What next? Insurance companies are asking the same question and they are facing an uncertain future. Obamacare’s insurance markets still have problems, with insurers pulling out of some areas and raising premiums in others. Trump has many powers at his command to undermine them further, and has threatened to do so.

And there’s no map and no timeline by which lawmakers might find a resolution. Individual markets continue to spiral downward partly because of the inherent issues in Obamacare’s market architecture and partly because of Republican efforts to make things even worse. In some states, Obamacare is doing relatively well, but in others it’s struggling and even starting to fail.

Many insurers have stopped bleeding money from sicker-than-expected enrollees, but they remain wary about continuing to play on the exchanges. The number of insurers filing initial applications on the federal marketplace dropped 38% for 2018. That figure could grow if more insurers get spooked by Washington’s indecisiveness. Insurers aren’t locked into participating in 2018 until late September. Open enrollment begins November 1.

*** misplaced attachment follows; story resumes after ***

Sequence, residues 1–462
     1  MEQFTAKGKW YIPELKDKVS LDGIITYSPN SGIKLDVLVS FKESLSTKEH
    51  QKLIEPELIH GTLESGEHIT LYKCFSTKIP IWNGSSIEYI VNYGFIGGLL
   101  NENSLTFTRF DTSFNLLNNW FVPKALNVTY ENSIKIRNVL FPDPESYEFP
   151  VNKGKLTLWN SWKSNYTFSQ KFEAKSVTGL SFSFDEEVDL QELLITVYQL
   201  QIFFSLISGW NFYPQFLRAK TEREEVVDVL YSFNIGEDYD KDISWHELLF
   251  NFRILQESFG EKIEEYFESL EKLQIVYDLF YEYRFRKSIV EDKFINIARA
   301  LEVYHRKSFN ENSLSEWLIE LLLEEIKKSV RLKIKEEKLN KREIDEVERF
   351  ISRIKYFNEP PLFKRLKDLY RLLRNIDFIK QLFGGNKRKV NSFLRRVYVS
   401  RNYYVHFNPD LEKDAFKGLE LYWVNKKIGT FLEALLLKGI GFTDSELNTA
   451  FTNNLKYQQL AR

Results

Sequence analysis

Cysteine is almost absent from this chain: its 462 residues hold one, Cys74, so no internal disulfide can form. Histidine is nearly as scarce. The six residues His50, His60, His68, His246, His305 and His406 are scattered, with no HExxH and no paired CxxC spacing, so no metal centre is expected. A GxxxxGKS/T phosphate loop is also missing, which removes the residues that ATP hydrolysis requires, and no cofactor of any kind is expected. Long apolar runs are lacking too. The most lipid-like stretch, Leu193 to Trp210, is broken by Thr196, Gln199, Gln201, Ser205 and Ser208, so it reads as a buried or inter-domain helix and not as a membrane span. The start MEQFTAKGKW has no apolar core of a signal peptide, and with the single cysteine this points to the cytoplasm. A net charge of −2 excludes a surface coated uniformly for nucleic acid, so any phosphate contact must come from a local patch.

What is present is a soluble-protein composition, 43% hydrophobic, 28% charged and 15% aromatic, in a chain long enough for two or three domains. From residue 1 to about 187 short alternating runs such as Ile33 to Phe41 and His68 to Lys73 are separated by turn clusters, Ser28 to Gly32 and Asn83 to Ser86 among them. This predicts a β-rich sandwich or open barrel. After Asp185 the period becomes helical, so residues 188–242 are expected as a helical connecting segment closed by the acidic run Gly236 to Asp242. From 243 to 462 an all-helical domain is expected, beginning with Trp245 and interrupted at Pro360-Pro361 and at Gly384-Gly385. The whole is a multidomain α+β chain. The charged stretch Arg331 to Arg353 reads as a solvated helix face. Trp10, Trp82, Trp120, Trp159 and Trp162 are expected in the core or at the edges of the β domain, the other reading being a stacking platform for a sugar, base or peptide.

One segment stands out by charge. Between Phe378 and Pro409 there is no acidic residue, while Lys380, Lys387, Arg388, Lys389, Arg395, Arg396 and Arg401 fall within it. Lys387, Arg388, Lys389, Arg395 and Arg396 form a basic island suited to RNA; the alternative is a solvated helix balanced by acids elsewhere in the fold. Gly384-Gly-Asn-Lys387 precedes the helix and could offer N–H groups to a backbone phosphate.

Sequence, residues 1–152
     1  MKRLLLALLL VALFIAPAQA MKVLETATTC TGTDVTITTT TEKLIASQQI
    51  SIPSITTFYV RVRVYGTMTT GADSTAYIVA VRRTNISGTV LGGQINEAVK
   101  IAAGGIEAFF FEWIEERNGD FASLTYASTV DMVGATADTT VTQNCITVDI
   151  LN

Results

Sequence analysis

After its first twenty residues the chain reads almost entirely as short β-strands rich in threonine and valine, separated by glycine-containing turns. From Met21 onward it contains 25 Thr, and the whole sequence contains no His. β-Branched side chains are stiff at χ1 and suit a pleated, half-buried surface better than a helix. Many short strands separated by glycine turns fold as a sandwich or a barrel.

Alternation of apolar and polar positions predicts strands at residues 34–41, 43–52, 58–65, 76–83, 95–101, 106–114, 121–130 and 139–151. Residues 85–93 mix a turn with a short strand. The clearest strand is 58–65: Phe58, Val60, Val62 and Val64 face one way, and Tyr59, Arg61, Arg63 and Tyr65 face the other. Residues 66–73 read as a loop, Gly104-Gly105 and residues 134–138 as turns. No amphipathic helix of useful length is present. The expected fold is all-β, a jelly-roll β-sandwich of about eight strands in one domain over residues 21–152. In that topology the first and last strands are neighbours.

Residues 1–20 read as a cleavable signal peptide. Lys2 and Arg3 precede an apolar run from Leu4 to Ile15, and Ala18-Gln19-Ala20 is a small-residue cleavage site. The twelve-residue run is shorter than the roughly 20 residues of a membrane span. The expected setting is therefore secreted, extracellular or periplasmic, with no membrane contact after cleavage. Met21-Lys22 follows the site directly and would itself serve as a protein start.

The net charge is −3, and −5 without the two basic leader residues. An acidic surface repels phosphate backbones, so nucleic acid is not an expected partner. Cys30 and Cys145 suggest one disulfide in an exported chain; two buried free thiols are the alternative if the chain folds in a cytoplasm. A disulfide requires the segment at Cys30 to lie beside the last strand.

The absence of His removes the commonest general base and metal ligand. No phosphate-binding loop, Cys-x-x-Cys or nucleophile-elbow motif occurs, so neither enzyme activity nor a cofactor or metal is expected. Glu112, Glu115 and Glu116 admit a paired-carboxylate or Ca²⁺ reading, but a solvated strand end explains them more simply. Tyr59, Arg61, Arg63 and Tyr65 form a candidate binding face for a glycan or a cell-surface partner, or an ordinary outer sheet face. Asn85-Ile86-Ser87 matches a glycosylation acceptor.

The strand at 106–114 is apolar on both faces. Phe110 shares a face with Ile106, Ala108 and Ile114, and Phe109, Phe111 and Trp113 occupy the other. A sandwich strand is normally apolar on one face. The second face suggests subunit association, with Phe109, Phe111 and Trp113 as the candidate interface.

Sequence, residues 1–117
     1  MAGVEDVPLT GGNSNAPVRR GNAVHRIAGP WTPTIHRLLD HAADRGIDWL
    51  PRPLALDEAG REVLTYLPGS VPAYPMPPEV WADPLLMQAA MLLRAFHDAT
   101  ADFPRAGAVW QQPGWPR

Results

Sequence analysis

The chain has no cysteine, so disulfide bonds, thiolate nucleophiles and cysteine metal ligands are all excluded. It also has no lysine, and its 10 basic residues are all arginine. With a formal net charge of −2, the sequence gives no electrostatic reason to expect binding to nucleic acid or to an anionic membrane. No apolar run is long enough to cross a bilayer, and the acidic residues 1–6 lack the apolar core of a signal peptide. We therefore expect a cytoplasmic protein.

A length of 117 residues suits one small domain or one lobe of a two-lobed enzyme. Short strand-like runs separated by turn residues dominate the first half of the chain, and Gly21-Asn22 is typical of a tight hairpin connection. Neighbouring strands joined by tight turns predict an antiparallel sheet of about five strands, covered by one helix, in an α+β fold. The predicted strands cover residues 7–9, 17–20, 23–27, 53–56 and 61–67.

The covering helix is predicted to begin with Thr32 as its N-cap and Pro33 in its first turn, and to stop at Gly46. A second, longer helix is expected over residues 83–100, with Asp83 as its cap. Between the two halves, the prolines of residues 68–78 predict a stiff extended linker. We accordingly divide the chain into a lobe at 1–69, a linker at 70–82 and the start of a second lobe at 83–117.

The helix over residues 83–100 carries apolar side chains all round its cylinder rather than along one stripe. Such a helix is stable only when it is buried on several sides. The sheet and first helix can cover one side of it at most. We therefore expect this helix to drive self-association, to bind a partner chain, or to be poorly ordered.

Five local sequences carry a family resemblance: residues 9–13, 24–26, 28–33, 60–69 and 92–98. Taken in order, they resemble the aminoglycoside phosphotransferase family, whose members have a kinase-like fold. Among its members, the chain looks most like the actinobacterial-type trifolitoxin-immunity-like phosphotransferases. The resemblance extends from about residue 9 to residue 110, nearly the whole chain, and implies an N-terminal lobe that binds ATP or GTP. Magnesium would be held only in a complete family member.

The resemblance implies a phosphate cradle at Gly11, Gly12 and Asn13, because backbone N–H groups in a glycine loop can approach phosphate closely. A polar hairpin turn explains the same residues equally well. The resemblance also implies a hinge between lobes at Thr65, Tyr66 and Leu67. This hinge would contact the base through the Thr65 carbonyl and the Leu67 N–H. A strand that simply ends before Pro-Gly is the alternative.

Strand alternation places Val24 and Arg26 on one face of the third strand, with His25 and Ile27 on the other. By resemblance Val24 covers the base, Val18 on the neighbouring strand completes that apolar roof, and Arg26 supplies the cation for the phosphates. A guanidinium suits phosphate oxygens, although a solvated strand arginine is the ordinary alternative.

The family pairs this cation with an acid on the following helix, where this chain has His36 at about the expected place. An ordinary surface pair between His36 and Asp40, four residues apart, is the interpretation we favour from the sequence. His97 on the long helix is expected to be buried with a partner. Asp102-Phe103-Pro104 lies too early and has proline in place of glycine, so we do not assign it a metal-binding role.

The next deadline comes this week, when the Trump administration must decide whether to keep paying what are known as cost-sharing subsidies. The subsidies help low-income people afford co-payments and cost-sharing on medical services, and their legitimacy is the subject of a legal dispute. The Trump administration has threatened to stop making them.

Obamacare might not implode but it could still die a death of a thousand cuts.